John Gregory Brown, born and raised in New Orleans, has raised the bar high for all of those who would write about his native city…and… about epiphany and redemption. His debut novel, Decorations in a Ruined Cemetery, was a stunning achievement in literary craftsmanship and lyrical phrasing. Since then, he has published the critically acclaimed The Wrecked, Blessed Body of Shelton Lafleur and Audubon’s Watch. His new novel, A Thousand Miles from Nowhere, is scheduled for release June, 2016 by Lee Boudreaux Books, an imprint of Little Brown.
Once again, Brown has hit a literary fiction home run.
The book has it all—all that a dedicated reader of good literature can hope for when selecting fiction.
In the tradition of such southern-born masters as William Faulkner, Walker Percy, Flannery O’Conner, and John Kennedy Toole, Brown has produced a tragicomic tour de force about one man’s search for faith, love, meaning, and redemption.
The man in question, Henry Garrett, is the quintessential southern closet case who refuses to stay in the closet, who is allowed by ever tolerant New Orleanians to adopt a pretence of normalcy. Henry marries a woman he loves—a woman who is driven to travel the world seeking the delicacies of cuisine embraced by various cultures and write books about her discoveries. Garrett all the while is driven to quiet the constant “clatter” in his head, a “clatter” which causes him to abandon his respectable position teaching in the very best public high school of New Orleans, squander his modest inheritance on a dilapidated former Magazine Street grocery store and move into it, leaving the wife he loves behind. Others on the edge of madness find refuge there as well. Garrett flees New Orleans post Katrina and winds up in an Indian-owned motel in a Blue Ridge valley town.
Hoping for peaceful solitude and time to tone down the “clatter,” he immediately finds himself at the heart of an accidental killing and the voices in his head grow louder and louder. The kindness with which he is greeted at every turn sets him on the road back to recovery from despair, recovery of a purpose, recovery of love.
John Gregory Brown’s honors include a Lyndhurst Prize, the Lillian Smith Award, the John Steinbeck Award, a Howard Foundation fellowship, and the Louisiana Endowment for the Humanities Book of the Year Award. He is the Julia Jackson Nichols Professor of English at Sweet Briar College in Virginia, where he lives with his wife, the novelist Carrie Brown.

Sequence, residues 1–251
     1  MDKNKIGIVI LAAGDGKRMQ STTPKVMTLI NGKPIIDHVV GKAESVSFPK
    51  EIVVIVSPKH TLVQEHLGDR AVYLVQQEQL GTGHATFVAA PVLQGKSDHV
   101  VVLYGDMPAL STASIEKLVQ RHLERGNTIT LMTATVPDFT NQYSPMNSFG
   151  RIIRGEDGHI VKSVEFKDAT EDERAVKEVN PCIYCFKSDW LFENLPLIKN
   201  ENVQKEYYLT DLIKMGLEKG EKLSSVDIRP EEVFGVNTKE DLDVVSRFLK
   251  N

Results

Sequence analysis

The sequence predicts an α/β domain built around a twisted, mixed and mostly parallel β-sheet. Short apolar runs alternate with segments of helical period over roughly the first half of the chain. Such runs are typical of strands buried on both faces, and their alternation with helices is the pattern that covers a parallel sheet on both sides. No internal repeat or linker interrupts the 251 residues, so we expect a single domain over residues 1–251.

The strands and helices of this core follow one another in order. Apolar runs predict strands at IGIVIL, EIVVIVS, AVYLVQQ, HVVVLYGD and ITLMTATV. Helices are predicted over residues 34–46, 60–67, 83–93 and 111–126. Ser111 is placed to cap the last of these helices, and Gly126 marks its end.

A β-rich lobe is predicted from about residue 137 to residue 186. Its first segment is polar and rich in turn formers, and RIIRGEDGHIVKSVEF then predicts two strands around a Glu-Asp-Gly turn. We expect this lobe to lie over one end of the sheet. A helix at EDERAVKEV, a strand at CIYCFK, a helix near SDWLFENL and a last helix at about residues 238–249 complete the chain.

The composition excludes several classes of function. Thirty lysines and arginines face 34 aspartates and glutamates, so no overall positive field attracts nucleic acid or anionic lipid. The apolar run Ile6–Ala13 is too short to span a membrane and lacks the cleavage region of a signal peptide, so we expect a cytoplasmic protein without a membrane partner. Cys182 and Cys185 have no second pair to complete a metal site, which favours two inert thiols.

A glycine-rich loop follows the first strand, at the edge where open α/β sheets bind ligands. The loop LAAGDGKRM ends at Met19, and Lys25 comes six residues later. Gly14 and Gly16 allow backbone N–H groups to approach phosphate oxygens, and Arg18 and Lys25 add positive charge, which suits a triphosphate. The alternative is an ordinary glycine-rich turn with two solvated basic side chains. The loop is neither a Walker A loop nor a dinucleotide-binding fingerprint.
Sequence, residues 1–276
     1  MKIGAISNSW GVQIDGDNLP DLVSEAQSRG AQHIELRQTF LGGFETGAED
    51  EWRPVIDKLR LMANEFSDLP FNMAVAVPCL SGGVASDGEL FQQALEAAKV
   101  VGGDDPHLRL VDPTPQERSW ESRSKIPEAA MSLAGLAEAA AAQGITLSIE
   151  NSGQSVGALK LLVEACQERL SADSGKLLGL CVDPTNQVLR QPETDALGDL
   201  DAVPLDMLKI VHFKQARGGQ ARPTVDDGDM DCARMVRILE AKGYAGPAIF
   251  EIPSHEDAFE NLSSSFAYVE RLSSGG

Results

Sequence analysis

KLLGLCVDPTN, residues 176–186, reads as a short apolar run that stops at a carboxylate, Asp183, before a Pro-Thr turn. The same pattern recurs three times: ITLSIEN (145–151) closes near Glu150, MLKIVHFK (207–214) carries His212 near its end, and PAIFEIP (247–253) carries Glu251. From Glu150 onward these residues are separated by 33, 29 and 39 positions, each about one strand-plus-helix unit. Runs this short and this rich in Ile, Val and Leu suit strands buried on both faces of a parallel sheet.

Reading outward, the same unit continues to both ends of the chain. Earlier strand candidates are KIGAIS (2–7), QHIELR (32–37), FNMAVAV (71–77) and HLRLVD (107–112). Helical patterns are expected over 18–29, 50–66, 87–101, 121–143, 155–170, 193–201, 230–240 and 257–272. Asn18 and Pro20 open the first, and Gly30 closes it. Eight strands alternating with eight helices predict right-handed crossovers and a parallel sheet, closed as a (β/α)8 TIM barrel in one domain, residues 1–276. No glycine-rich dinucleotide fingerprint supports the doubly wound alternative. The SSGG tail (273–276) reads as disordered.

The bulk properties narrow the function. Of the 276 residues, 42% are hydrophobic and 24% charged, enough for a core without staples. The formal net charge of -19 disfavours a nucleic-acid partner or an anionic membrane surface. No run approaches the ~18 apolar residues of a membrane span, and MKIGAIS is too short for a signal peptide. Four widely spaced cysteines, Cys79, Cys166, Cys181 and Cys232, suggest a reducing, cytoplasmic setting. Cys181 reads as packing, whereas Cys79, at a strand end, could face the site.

More About the Book: A Thousand Miles From Nowhere:
A soulful musing on art, love, and sanity, and on art’s power to redeem. A beautiful, haunting novel.
—Tom Franklin, novelist and short fiction writer, author of Poachers and other works.
John Gregory Brown is a writer I have long admired, and A Thousand Miles From Nowhere is his best book yet, a marvelous depiction of one man’s stumbling journey from despair toward a hard-won redemption.
—Ron Rash, novelist and short fiction master, author of Serena and other works.
Natural disaster combines with accident to make a wreckage of a life. Now, in the sympathetic hands of the long-absent Brown (Audubon’s Watch, 2001, etc.), it’s up to the protagonist to pick up the pieces. Henry Garrett has been on the run, headlong, for days, fleeing New Orleans and the terror of Hurricane Katrina. Now, down in the quiet shadow of the Blue Ridge Mountains of Virginia, he rolls to an uncertain stop smack in the middle of the life of a “short, round Indian woman,” her glittery fingernails disguising a badly broken heart. Latangi takes him in without hesitation, knowing only that he has been driven from a home that may no longer exist—and certainly not knowing that the 41-year-old was “deep down, still just a dopey adolescent kid” when it comes to matters of the heart and deeply troubled when it comes to matters of the mind. Indeed, one of the things that Henry is running from is the possibility of inherited madness (“undone,” in the polite parlance of the South). But what has become of his wife and other loved ones? What is there to run toward? Henry is working on sorting all that out even as he accidentally kills an old prisoner working on a road crew, his arms raised “as if what he meant to do…was fly.” Putting an already unhinged fellow under additional stress is never a recipe for happiness, but Henry struggles to work it out, finding comfort in the sometimes-eccentric but deeply hospitable people of Amherst County. Henry yearns not for having “his mind set right” but for resumption, the ability to pick up his dreams where they left off, make peace with family, and get on with life. Thanks to the resourceful, gentle Latangi, who has troubles of her own, he gets there.